Dir. Woody Allen. U.S.A. 2011.

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Woody Allen's Oscar nominated movie comes out on DVD for the pleasure of Home Entertainment purposes.
Allen's love affair with Europe which has brought us such commerical work as Match Point and Vicky Cristina Barcelona, continues with his biggest and most profitable film to date.
Midnight in Paris stars Owen Wilson as Gil, a former screenwriter on holiday in Paris with his fiancee Inez (Rachel McAdams).  Gil is attempting to write his first time novel, and is seeking inspiration on the streets of Paris with its endless reams of culture and sophistication.  A spanner in the works appears in the form of intellectual Paul (Michael Sheen), a former college crush, who is meant to be a superior of Gil.
One night after wine-tasting, Inez, Paul and his fiancee Carol go dancing.  Gil passes over the invitation, and goes strolling the streets.  When he gets lost, he sits and hears a church bell strike Midnight.  A car appears and in it is Ernest Hemingway (Corey Stoll), who takes him to a party where he encounters Scott and Zelda Fitzgerald (Tom Hiddleston and Alison Pill).
Gil has a better night with historical figures than the present day people he is on holiday with - he is in opposition to Inez's Republican parents due to his democratic, Hollywood beliefs - Gil's novel centres around a man who runs a nostalgia shop.  This stream of nostalgia flows through the film as figures from literature (Gertrude Stein), art (Picasso and Dali) and music (Cole Porter) co-exist in Gil's fantasies.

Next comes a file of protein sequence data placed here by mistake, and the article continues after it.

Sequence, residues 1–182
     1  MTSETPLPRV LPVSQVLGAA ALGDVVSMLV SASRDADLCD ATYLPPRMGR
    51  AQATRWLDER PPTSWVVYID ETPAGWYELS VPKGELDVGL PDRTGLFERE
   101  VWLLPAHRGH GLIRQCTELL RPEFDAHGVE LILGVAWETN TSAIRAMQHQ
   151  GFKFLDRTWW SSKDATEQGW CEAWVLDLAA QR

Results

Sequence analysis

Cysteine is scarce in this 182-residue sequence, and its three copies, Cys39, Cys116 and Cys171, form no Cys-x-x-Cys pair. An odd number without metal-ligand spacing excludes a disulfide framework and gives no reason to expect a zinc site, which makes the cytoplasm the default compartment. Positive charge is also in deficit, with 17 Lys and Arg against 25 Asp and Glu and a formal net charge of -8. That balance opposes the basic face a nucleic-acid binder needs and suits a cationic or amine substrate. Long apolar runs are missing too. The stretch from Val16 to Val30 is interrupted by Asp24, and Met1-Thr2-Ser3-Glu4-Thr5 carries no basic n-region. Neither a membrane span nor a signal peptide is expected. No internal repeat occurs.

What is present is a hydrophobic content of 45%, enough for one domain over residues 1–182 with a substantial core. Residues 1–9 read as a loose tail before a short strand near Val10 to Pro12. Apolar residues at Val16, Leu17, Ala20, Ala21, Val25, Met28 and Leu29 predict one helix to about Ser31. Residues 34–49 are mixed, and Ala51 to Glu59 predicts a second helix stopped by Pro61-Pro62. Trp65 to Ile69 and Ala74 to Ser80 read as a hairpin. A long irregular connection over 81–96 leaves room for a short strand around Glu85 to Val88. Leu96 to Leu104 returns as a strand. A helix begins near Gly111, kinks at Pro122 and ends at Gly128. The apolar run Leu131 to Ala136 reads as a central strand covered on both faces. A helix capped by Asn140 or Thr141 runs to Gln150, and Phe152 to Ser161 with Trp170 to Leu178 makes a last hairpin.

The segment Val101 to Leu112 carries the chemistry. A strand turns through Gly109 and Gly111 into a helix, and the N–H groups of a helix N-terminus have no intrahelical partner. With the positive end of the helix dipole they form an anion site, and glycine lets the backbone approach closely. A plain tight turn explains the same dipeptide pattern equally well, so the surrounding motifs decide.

Problems arise when Gil has a connection with Adriana (Marion Cotillard), a muse for Picasso, as they slowly begin to fall in love Gil begins questioning his commitment to Inez and whether they are in love.  There is a funny scene between Gil and Dali (Adrien Brody), who will not stop comparing a man to a rhinoceros in terms of love.
Allen does a wonderful job of making Gil a believable fantasist.  Although he is blind to his fiancee falling in love with her college crush, Gil has happened upon a world away from the mundanity and pseudo-intellectual falsity of Paul.  Whilst Paul is all book smarts and academica; Gil is a street smart and fittingly is an embodiment of never judging a book by its cover.
As an Allen surrogate, Wilson has this ease and charm about him.  In Frat Pack movies, which made his name it came across as a laissez-faire influence; but his laidback nature here compensates Allen's easy flow of narrative and plot.
My own criticism would be that Allen has concentrated so much on Gil and the historical figures; that he has failed to paint fully rounded characters in the real world especially the women such as Inez, who although beautiful as Rachel McAdams is, she comes across as a women who wants to control Gil rather than co-exist with him. You also wonder how their paths ever crossed in the first place, as she is so fixated with herself - a shame considering how well he wrote Rebecca Hall and Scarlett Johansson in 'Vicky..'
Midnight in Paris is out on DVD now from Warner Bros. Home Entertainment

Jamie Garwood

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